It speaks also to the divisions in our own society, the disagreements about politics, racial justice, and gender identity. Spend a few minutes on Twitter, experiencing the anger that is expressed about such issues, and you will be reminded just how counter-cultural Paul’s suggestion that we should blessing those who curse us is. We live in an era of “Cancel Culture” – the tendency publicly to condemn, shame and boycott those with whom we disagree. That isn’t the Christian way, and recent academic research suggests that it is counter-productive because it is likely to entrench the beliefs of those who are condemned rather than to bring about a change of mind and heart.

Last week a Muslim woman in New Zealand showed us the power of forgiveness. Her son was killed in the Christchurch Mosque massacre. At the sentencing hearing, Jana Ezzat told the terrorist:

"I forgive you. The damage is done, Hussein will never be here. I only have one choice and that is to forgive."

The policeman who was guarding the prisoner later told her daughter that that was the only moment in the proceedings when the convicted man showed any sign of emotion; a moving commentary on what Paul meant when he wrote those puzzling words about acting lovingly towards your enemies and heaping burning coals on their heads; not to hurt them but, perhaps, to prompt a change of heart.

We are unlikely to face the kind of challenge that Janna Ezzat faced, but we all have our bêtes noires. They might be difficult work colleagues or particular politicians. Paul is not requiring us to agree with them, nor to condone their actions. He is not even asking us to likethem in the sentimental sense of that word. Rather he reminds us that we must never lose sight of their humanity, the dignity that they have as beings made in the image and likeness of God, and the Gospel imperative to love them. Point your compass towards Jesus, Paul teaches, and you’ll find that you are called to an all-encompassing love.


Reflection for Sunday 23rd August 2020

Submitted by Dean on Sat, 22/08/2020 - 10:31

Proper 16  23rd August 2020 Year A

“Who do you say, I am?” That was some question for Jesus to ask Peter and the other disciples. Can you imagine what your response might have been should it have been you that Jesus asked that question of?

In actual fact, Jesus has already asked you that question. You might not be able to answer it, as I suspect that like many of us, you might still be trying to fathom out who Jesus actually is for you. It is easy to give a quick, impulse response to his question; ‘Who do you say I am?’ by simply saying; ‘the Son of God’ but what does that response really mean?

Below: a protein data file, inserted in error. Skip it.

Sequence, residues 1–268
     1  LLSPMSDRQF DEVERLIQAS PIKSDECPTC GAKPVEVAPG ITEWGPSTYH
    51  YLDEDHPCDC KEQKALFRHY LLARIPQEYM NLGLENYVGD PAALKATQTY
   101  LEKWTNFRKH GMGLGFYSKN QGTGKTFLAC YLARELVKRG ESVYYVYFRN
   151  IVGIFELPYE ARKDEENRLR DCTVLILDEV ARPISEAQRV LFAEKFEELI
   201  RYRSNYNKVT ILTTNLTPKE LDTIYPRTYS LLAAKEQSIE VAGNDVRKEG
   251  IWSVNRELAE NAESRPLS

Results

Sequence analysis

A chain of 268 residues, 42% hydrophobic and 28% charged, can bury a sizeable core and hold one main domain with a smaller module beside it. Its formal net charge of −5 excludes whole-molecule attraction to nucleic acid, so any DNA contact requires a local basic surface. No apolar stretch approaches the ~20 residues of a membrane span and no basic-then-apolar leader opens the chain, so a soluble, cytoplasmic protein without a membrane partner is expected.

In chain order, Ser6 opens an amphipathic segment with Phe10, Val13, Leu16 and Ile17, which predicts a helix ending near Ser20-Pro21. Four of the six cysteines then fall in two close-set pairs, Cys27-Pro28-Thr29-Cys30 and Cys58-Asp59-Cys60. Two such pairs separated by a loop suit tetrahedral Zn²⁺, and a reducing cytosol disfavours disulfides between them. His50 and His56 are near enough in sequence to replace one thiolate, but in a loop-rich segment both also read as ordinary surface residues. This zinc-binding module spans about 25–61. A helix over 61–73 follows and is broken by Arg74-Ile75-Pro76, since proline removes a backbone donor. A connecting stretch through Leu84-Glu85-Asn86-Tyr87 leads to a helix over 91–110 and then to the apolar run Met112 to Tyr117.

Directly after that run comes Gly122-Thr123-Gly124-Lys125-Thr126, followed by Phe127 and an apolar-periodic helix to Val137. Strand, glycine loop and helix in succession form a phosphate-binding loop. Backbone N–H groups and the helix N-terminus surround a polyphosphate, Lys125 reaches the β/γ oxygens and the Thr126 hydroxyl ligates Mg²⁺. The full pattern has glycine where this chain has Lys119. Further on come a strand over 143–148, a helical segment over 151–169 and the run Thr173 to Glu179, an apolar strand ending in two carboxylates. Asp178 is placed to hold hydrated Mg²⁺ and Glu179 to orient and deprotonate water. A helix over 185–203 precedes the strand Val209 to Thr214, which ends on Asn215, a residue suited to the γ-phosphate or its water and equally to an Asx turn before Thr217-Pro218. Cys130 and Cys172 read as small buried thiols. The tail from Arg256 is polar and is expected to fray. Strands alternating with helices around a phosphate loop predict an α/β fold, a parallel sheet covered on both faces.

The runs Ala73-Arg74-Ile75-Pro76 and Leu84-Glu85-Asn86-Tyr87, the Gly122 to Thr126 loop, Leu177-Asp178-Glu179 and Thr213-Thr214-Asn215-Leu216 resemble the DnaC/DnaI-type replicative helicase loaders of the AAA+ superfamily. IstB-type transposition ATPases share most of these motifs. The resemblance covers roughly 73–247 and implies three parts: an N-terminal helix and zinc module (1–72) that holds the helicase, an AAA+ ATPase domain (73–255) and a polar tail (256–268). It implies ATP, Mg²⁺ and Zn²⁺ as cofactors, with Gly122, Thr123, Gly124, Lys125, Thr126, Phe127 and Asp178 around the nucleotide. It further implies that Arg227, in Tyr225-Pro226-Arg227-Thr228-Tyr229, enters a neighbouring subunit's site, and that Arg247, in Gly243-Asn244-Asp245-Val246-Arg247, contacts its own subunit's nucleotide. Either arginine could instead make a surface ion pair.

Personally, I do not think that we can give one single, definitive answer to the question because Jesus and ultimately God are revealed to each of us individually. We all get to meet God in our own way. For me if I try to answer Jesus’ question as to who he is I have to approach my answer from an exploration of his human nature, for it is Jesus’ humanity that speaks most strongly to me. For you it might be his divinity or through his miracles, or whatever.

As a human male, I approach Jesus from a point of masculinity and my human male experience. I relate very strongly to Jesus the man, in the ways he is shown to interact with his friends and disciples; in the way he uses words to explain things; and through his emotions of compassion, laughter, joy and anger. These are things I know about and understand within myself and I am therefore more able to translate my personal experience of Jesus through them. I come to Jesus via my own personal experience but I also have to acknowledge that because I do this my understanding of Jesus will be different to yours and that I can never fully understand who he actually is because I am not Jesus and he is not me. For me it is from the similarities I share with him that I come closer to an understanding of who he is.

But what if I was really pushed to say who Jesus is? What would I say?

I think I would have to say that for me, he is the being who is the human personification of our Creator God. A being that showed both his humanity and his divinity in how he lived his life. A man who through his human attributes was able to show us what God is like, perhaps not what God is but what it is like to be ‘of God’.

To be truthful I do not think that I could ever know what God is because only God can know that and I am far from being God. Yet, saying this because we are told that we share in the image of God, I also believe that we have within our knowledge of who we are, an inkling of who God is and thus who Jesus is; but it is only an inkling.

This does not confuse or disappoint me, rather on the contrary it excites me and spurs me on to further exploration. I think about and pray through who I believe God is from the ways he is revealed to me and when I say God I also take it to mean Jesus as well. This act of mental and spiritual exploration is basically ‘doing theology’ - for theology means ‘thinking about God’. We are all, even if we do not acknowledge it, theologians because we all think about God, whether or not we decide to believe in him or not. As theologians our thinking will lead all of us to different conclusions and understandings and will cause us to ask different questions and that I find exciting and fascinating. I also strongly and passionately believe that it is when we interact with each other and share our thoughts that we gain glimpses of God and who he is.

To be honest, I can’t definitely answer Jesus’ questions as to who he is but what I really want to do is to keep on asking my own questions as I ponder on my answer to him.

And, the best way to ask those questions? Well, it is to ask them in the company of others and then to get the discussion going. Isn’t theology great?